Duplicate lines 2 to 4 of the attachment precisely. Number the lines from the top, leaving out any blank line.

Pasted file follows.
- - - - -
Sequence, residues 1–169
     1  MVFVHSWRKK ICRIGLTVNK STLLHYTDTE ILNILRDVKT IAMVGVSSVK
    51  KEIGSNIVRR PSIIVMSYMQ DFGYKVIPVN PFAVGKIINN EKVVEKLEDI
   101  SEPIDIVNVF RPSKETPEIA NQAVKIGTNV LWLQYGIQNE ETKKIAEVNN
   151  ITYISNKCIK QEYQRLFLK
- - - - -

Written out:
     1  MVFVHSWRKK ICRIGLTVNK STLLHYTDTE ILNILRDVKT IAMVGVSSVK
    51  KEIGSNIVRR PSIIVMSYMQ DFGYKVIPVN PFAVGKIINN EKVVEKLEDI
   101  SEPIDIVNVF RPSKETPEIA NQAVKIGTNV LWLQYGIQNE ETKKIAEVNN